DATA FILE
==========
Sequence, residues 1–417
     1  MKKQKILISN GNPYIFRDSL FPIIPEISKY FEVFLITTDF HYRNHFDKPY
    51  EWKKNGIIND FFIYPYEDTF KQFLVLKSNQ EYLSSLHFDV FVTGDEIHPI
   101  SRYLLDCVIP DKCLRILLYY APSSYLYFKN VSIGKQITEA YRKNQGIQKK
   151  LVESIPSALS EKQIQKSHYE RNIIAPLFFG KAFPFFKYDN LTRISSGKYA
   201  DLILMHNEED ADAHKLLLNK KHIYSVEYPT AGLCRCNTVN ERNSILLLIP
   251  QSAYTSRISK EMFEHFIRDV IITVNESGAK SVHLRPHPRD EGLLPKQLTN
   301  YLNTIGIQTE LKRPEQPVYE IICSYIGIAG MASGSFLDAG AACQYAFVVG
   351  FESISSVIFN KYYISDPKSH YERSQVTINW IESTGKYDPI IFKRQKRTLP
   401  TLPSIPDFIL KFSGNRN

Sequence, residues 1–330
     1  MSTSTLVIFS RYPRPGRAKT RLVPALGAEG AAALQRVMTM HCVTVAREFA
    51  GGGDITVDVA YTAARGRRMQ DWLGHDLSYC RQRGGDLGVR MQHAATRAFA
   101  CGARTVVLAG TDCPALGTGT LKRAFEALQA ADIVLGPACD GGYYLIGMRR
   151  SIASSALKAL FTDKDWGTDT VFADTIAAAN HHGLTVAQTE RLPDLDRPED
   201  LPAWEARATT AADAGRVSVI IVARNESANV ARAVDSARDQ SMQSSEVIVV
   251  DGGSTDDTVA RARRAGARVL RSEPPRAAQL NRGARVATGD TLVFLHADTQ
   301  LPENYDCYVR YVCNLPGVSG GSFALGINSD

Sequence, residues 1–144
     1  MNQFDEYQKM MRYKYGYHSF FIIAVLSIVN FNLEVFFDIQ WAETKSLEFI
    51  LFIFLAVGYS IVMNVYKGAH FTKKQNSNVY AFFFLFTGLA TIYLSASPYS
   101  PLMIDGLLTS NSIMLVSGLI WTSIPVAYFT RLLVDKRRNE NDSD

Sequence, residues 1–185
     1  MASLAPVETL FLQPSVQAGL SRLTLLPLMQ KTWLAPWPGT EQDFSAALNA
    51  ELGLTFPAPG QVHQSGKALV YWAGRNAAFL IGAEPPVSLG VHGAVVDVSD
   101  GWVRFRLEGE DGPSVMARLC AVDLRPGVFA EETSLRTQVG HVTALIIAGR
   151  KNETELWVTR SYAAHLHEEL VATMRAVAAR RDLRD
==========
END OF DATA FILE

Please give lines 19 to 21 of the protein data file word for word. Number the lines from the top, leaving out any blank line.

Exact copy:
Sequence, residues 1–144
     1  MNQFDEYQKM MRYKYGYHSF FIIAVLSIVN FNLEVFFDIQ WAETKSLEFI
    51  LFIFLAVGYS IVMNVYKGAH FTKKQNSNVY AFFFLFTGLA TIYLSASPYS